From tech spaces to flex spaces, learn about increasing room versatility.
Today’s 50-plus clients are “sophisticated buyers,” explains Mary DeWalt of the Mary DeWalt Design Group in Austin, Texas. “They want what’s new and different,” and they want to customize their homes to fit their interests exactly. That’s where flex spaces and tech centers come in.
Flex spaces are rooms that are flexible or versatile either because they are multipurpose (a guest room/sewing room, for instance) or because they are undefined rooms ready to be tailored to the clients’ specific needs. A tech center, DeWalt says, is not just a showy office with bookshelves and fancy mahogany desk; it is “a working, active computer space.”
Tech spaces run the gamut, all the way from two-person “his and hers” offices, important for baby boomers who continue working past “retirement,” to small alcoves fitted out with computer hookups, tabletop and chair. “We’re seeing more of alcove or nook tech centers,” says architect Bill Devereaux of Devereaux & Associates in McLean, Va. “Many times a nook or cranny is fine,” explains Mary, especially for clients who are downsizing to a smaller house.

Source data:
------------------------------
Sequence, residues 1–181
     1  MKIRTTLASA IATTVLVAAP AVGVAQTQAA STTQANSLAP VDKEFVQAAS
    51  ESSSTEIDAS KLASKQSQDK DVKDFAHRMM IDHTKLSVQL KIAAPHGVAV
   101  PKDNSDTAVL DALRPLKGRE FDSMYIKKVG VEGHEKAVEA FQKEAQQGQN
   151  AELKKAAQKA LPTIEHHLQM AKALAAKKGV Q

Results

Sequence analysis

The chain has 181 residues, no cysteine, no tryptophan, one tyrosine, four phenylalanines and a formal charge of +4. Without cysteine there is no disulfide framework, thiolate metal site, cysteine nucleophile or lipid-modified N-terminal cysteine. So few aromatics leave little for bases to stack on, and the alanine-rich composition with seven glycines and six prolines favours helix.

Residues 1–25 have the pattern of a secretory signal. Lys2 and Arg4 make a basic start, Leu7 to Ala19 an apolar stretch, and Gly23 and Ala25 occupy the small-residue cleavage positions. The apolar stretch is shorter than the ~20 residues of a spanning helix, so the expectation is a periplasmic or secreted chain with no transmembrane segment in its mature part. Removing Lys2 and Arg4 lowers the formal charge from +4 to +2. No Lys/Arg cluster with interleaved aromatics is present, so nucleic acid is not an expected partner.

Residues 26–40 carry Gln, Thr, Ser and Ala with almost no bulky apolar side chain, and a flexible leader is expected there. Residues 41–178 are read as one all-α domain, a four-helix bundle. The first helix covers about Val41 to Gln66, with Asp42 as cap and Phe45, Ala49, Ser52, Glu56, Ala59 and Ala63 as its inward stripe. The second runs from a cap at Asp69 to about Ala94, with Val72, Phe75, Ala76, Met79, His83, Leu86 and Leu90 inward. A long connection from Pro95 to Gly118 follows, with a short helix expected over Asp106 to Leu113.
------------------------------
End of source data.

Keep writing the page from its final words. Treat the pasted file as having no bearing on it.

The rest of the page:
What’s the best place for a nook-style tech center? An arched opening in a widened hallway works well, Devereaux says. So does an alcove under the stairs. How about the utility or laundry room? Along with the washer and dryer, a little home office can fit nicely in a sunny, well-appointed utility room, DeWalt says.